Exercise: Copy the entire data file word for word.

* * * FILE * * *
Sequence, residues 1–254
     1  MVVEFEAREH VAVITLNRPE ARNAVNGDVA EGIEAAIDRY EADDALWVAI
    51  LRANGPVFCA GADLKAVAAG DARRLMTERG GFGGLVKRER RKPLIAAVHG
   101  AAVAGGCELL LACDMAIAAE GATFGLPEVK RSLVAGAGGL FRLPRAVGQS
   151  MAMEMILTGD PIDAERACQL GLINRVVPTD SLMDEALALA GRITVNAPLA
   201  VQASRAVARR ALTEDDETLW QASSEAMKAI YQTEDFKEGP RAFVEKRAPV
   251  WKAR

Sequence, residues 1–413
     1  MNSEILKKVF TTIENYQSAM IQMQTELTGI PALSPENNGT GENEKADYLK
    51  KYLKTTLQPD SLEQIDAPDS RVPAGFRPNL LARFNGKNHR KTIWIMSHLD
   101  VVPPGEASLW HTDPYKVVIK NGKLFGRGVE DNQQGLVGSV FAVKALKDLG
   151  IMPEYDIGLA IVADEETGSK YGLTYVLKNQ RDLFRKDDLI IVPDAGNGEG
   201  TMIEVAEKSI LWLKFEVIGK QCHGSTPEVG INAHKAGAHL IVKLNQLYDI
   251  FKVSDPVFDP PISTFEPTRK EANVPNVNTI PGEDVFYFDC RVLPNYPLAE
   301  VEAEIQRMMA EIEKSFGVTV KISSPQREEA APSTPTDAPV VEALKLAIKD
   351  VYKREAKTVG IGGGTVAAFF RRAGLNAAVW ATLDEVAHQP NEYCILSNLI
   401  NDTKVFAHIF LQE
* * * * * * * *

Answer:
Sequence, residues 1–254
     1  MVVEFEAREH VAVITLNRPE ARNAVNGDVA EGIEAAIDRY EADDALWVAI
    51  LRANGPVFCA GADLKAVAAG DARRLMTERG GFGGLVKRER RKPLIAAVHG
   101  AAVAGGCELL LACDMAIAAE GATFGLPEVK RSLVAGAGGL FRLPRAVGQS
   151  MAMEMILTGD PIDAERACQL GLINRVVPTD SLMDEALALA GRITVNAPLA
   201  VQASRAVARR ALTEDDETLW QASSEAMKAI YQTEDFKEGP RAFVEKRAPV
   251  WKAR

Sequence, residues 1–413
     1  MNSEILKKVF TTIENYQSAM IQMQTELTGI PALSPENNGT GENEKADYLK
    51  KYLKTTLQPD SLEQIDAPDS RVPAGFRPNL LARFNGKNHR KTIWIMSHLD
   101  VVPPGEASLW HTDPYKVVIK NGKLFGRGVE DNQQGLVGSV FAVKALKDLG
   151  IMPEYDIGLA IVADEETGSK YGLTYVLKNQ RDLFRKDDLI IVPDAGNGEG
   201  TMIEVAEKSI LWLKFEVIGK QCHGSTPEVG INAHKAGAHL IVKLNQLYDI
   251  FKVSDPVFDP PISTFEPTRK EANVPNVNTI PGEDVFYFDC RVLPNYPLAE
   301  VEAEIQRMMA EIEKSFGVTV KISSPQREEA APSTPTDAPV VEALKLAIKD
   351  VYKREAKTVG IGGGTVAAFF RRAGLNAAVW ATLDEVAHQP NEYCILSNLI
   401  NDTKVFAHIF LQE